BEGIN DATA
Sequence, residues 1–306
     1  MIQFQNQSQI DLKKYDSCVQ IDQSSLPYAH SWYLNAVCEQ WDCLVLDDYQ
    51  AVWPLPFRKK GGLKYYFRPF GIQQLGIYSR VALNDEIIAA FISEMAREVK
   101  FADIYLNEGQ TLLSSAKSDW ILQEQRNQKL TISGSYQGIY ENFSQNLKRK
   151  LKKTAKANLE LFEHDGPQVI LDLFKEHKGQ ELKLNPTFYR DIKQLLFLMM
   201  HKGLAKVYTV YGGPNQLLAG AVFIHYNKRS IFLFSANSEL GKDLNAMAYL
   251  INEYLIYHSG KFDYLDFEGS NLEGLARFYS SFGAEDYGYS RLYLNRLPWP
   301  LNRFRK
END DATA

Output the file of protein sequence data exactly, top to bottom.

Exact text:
Sequence, residues 1–306
     1  MIQFQNQSQI DLKKYDSCVQ IDQSSLPYAH SWYLNAVCEQ WDCLVLDDYQ
    51  AVWPLPFRKK GGLKYYFRPF GIQQLGIYSR VALNDEIIAA FISEMAREVK
   101  FADIYLNEGQ TLLSSAKSDW ILQEQRNQKL TISGSYQGIY ENFSQNLKRK
   151  LKKTAKANLE LFEHDGPQVI LDLFKEHKGQ ELKLNPTFYR DIKQLLFLMM
   201  HKGLAKVYTV YGGPNQLLAG AVFIHYNKRS IFLFSANSEL GKDLNAMAYL
   251  INEYLIYHSG KFDYLDFEGS NLEGLARFYS SFGAEDYGYS RLYLNRLPWP
   301  LNRFRK